Belfast Telegraph

We love Cinderella because she's adored for who she is, even when in rags

By Mary Kenny

Why does the Disney corporation imagine that there is an audience for yet another version of Cinderella, now appearing on screens everywhere (directed by Belfast man Kenneth Branagh and featuring Lily James with an 18-inch waist)? Possibly because Cinderella is the most popular child's fairytale in the world.

The folklorist Bruno Bettelheim counted 345 versions of the Cinderella story, including an exceptionally cruel Scottish version, Rashin Coatie, and the Chinese version - probably the original - written around 850 AD, in which Cinders is called Yeh-hsien.

Sam Goldwyn, the movie mogul, always said people love story repeats: "If they liked it once, they'll love it twice." If they liked Cinderella once, they'll love it 345 times.

I have a feeling that feminists may disapprove of the Cinderella story; so a little abandoned girl gets to marry a prince? Shouldn't a modern woman aspire to become an international human rights lawyer (and then marry a prince - ie George Clooney)?

I am sure I thought Cinderella was shallow pap when I was younger, but as the movie critic of the New Yorker said about the new Disney production: "Some myths just will not go away." It's bigger than you are.

And, Bettelheim, in his famous study The Uses of Enchantment, claims that the Cinderella story is far from being shallow pap: as a psycho-analyst treating disturbed children he affirmed that fairytales "help a child find meaning in life".

The child can perceive good and evil through such stories - and can see, by the way, that evil also has its attractions. Many "evil" characters in fairytales - often women - are powerful. Understanding this is a moral lesson in itself.

The Freudians see Cinderella as a fable about sibling rivalry: Cinders's life is made miserable by her mean and jealous step-sisters.

Step-sisters often substitute for actual siblings in fairytales because the child does not want to acknowledge that their real siblings would be so nasty, so they are reinvented as usurpers, or step-siblings.

Yet the step-family, in reality, existed. Marina Warner, in From the Beast to the Blonde, looks at the statistics, in times gone by, of widowers remarrying, and they were exceptionally high: in France, 80% of widowers remarried within a year of losing a first wife, and the statistics were probably similar elsewhere. (Then, as now, women as widows - or divorcees - remarried less frequently than men.) So many a child would have experienced a stepmother, who might often have brought her own children into the family home.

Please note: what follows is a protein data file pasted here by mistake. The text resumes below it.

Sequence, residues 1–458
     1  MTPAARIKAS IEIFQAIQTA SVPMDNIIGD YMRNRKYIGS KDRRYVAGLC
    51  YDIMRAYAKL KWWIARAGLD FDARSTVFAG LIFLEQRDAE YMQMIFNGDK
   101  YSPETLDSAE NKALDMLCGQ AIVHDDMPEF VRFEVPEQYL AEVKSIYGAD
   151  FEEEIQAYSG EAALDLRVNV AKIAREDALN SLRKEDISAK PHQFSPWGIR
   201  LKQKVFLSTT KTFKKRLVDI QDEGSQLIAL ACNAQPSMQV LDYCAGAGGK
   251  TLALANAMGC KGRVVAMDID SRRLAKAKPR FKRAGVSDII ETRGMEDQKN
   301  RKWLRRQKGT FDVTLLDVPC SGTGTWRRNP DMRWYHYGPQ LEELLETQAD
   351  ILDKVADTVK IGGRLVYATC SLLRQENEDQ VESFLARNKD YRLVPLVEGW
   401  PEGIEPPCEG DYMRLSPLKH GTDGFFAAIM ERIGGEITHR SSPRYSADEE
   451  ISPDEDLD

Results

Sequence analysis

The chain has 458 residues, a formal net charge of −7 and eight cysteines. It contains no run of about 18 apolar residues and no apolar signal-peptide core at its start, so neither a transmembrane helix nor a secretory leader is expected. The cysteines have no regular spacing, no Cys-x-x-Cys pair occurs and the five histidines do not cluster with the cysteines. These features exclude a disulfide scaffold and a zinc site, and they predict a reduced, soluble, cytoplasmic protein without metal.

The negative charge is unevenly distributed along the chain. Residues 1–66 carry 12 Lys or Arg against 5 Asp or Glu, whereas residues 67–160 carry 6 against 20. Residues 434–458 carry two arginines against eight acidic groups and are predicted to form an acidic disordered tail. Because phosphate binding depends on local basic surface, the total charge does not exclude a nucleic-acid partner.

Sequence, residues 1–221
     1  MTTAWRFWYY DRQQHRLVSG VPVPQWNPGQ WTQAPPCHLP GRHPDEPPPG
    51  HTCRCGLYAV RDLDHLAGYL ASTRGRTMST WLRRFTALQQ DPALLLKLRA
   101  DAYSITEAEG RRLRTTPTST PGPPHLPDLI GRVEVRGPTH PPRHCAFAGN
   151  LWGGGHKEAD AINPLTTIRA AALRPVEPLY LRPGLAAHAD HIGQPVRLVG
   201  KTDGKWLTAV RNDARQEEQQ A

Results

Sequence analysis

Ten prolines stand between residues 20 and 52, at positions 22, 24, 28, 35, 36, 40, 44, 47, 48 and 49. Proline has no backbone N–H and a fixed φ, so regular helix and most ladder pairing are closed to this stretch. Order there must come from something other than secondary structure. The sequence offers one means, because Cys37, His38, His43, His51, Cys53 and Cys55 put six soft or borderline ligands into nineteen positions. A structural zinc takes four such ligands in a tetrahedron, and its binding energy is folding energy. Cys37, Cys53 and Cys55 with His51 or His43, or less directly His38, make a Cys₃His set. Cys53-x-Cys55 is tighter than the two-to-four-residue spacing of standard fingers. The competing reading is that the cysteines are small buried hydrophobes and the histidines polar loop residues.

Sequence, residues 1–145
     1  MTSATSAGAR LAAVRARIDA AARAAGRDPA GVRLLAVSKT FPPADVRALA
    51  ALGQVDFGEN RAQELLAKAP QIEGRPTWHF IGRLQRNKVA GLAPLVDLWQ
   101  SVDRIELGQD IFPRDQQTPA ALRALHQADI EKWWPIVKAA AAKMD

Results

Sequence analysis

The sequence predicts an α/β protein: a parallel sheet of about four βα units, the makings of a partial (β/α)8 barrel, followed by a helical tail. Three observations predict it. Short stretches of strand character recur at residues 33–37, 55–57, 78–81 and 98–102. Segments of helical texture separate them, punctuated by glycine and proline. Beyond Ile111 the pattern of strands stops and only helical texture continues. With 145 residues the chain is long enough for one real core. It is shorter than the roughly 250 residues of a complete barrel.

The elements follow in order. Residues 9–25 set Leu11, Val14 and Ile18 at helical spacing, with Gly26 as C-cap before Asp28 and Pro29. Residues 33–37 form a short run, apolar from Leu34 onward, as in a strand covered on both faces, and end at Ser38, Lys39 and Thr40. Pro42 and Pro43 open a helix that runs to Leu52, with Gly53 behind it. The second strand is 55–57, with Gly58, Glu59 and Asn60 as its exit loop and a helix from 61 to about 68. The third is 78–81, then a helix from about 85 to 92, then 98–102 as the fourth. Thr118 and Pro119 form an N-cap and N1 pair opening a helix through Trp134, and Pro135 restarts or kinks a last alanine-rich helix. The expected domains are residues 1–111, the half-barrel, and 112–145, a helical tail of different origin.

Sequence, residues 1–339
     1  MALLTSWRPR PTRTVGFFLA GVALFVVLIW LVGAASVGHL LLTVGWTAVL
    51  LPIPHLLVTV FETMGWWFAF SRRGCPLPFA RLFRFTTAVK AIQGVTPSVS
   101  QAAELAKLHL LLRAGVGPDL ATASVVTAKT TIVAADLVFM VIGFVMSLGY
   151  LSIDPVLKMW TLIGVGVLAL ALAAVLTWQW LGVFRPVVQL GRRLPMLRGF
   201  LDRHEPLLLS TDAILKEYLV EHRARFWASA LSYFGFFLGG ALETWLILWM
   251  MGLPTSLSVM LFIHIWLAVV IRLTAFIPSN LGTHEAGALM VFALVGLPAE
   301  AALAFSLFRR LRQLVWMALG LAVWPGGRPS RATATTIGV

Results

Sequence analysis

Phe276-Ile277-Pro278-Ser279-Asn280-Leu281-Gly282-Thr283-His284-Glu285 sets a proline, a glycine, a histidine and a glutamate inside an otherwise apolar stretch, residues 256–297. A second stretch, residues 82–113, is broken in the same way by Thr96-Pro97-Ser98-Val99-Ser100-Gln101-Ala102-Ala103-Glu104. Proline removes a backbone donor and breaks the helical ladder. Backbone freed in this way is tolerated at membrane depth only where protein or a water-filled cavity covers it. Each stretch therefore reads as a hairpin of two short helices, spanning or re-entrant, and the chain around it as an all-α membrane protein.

The stepmother might often favour her own daughters over the daughter from her husband's previous marriage. The neo-Darwinists even argue that it is "natural" to favour your own genes over those of a stranger.

At a storytelling level, Cinderella always works, because we love the idea of a person who has been ignored and humiliated overcoming adversity and winning her rightful place in the world - and in love. Writers have plundered the Cinderella theme from Jane Eyre to Pretty Woman.

Bettelheim claims that this is an important journey for children to understand: that life will bring adversity, and there will be struggles. He even maintains that it is cruel to teach children the genuinely mendacious fairytale which consumerism tends to impart: that life is just about pleasure, reward and comfort.

The story is open to any amount of interpretations, to be sure. Men, for example, are strangely passive in the Cinderella story: it's the women who have the power - the evil stepmother on the one hand, the good fairy godmother on the other.

The German Grimm brothers presented a darker portrait of Cinderella - but also made her more active about her own choices - while the French Charles Perrault rendered the fable courtly and prettier. He introduced the glass slipper, which it has been claimed is a mistranslated "verre" - glass - for "vair" - calf fur. But the folklorists say that Perrault deliberately introduced the glass slipper.

Warner writes that the glass slipper symbolises Cinderella's journey from hairy animal to the social arena of sparkle, light and crystal.

Maybe so: but Lily James found it impossible to walk, let alone flee, in the glass slippers that were especially constructed for her - four pairs, each pair costing £40,000 to make - so in the end director Branagh did the slipper sequence with computer-generated images.

We all like the idea, I think, that Cinderella is loved for who she is, even when in rags, and the step-sisters rebuffed for their false ideas that pretensions can substitute for character and virtue.

The world's most popular fairytale is also one of the most uplifting.

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